We all know that, generally speaking, L.A.'s best restaurants are in strip malls. It comes as a surprise to visitors and new arrivals, but natives and old-timers know that the most interesting food is usually hidden in plain sight here. But sometimes — very rarely, but it happens — a restaurant owner will find an even more unlikely location for a project. Like, say, an old house, practically under the 134, blocked from street view by a dentist's office.
Cascabel, in the Toluca Lake/North Hollywood area, is that restaurant. Most people approach it — via said dentist's office's driveway and parking lot — with some trepidation. But then you walk through the arched entryway and realize that, if nothing else, you'll be spending the evening in beautiful surroundings.
The converted house was built in or around the 1920s, in the classic Spanish style of the era: exposed beams, lushly painted tiles, white walls and wood floors. The decor has been chosen to match the style of the house in a self-aware, rustic way, with leather and velvet and wicker. The little patio is a great choice for eating outside (use the old Valley trick of pretending the sound of the freeway traffic is actually the ocean).
As a city we're still struggling with some deeply held, and incorrect, notions about what kinds of food are "allowed" to be expensive. Generally, we think Mexican cuisine is supposed to be cheap. If I tell you right now to stop thinking that way, will you?
The surroundings at Cascabel should be your first clue that this is not a combo-platter restaurant. The enchiladas are served singly. The cocktails are more likely to be made with small-batch mezcal than with tequila. On the other hand, chips and salsa are set on every table. When asked via email if that was his personal preference, or if the market demands chips and salsa, chef Alex Eusebio answered, "Honestly, a little bit of both. People love chips and salsa, myself included."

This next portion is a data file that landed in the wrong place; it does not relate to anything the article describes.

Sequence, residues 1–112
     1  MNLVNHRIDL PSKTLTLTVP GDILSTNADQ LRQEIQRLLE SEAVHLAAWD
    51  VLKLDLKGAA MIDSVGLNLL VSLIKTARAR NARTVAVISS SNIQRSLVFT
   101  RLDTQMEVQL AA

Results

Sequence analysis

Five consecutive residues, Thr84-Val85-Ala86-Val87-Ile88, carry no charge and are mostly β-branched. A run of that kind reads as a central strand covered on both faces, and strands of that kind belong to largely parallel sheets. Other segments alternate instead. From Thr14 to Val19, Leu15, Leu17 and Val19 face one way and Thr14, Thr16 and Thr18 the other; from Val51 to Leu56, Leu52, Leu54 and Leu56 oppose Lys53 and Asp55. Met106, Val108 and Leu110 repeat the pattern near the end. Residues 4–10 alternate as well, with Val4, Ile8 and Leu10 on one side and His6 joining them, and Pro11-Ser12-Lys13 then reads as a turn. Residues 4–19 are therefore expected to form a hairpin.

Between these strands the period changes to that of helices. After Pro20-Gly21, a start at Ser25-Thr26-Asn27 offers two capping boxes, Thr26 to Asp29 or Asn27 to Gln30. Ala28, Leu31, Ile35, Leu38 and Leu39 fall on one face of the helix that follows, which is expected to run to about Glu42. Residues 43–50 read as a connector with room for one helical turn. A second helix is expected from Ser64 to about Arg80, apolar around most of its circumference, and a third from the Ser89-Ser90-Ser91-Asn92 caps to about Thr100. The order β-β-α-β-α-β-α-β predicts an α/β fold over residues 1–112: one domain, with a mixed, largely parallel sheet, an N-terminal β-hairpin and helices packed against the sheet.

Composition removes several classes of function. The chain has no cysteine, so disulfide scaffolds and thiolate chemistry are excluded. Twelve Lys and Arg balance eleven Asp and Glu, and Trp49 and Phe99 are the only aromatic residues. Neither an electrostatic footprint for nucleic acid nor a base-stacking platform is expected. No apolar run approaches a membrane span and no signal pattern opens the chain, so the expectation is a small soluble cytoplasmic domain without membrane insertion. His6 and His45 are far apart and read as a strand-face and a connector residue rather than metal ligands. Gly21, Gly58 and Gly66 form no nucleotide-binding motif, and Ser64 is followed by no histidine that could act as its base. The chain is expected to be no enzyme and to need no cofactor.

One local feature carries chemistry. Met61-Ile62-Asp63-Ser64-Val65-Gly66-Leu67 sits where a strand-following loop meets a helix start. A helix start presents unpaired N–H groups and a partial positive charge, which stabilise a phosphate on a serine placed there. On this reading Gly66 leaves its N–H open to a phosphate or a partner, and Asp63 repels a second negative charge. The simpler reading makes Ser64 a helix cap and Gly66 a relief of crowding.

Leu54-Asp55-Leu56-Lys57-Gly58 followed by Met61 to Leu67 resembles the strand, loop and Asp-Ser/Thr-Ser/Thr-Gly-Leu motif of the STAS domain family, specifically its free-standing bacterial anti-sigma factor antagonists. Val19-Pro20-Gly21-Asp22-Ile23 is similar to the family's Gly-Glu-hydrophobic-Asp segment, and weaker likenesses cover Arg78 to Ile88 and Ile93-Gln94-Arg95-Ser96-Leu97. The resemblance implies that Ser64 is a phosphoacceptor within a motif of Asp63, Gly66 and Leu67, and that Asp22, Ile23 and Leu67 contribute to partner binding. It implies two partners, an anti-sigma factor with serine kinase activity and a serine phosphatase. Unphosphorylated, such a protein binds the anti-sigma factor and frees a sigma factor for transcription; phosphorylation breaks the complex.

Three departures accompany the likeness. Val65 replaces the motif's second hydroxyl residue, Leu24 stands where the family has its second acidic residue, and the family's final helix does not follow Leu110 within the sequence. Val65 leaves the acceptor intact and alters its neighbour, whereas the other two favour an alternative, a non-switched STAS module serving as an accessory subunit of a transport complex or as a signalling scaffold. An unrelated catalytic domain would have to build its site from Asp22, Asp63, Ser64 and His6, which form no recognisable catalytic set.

In a way, that pairing of chips and (very above-average) salsa with dishes such as "Mazatlan bouillabaise" and duck confit with tarragon salsa verde is exactly in line with what Eusebio wants to accomplish. "I call it 'L.A.-based Mexican' because while it is Mexican-inspired, it’s not 'traditional' Mexican. Everything we serve is influenced in some way from Mexico, and interpreted through the lens of Los Angeles. L.A. is very Mexican, and Cascabel is an extension of that. We are Mexican-inspired but not bound exactly within the 'traditional,'" he says.
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There are homemade "choco tacos" on the dessert menu, showing there's room for whimsy in a kitchen that's doing thoughtful work. You might be too full to try them, though, after indulging in the brightly colored drinks and a few snapper or lamb tacos. Cascabel seems to do its very best work with starches, such as the plaintain and sweet potato enchilada with goat cheese, a real lick-the-plate situation.
Or since, everything's à la carte, make a night of it, ordering just a few things at a time, maybe deciding to go for that bacon guacamole after all, after starting with mussels and chorizo. Have another cocktail, tip generously, call a Lyft. Have a nice little evening escape.
10717 Riverside Drive, Toluca Lake; (818) 927-4210, cascabelrestaurant.com.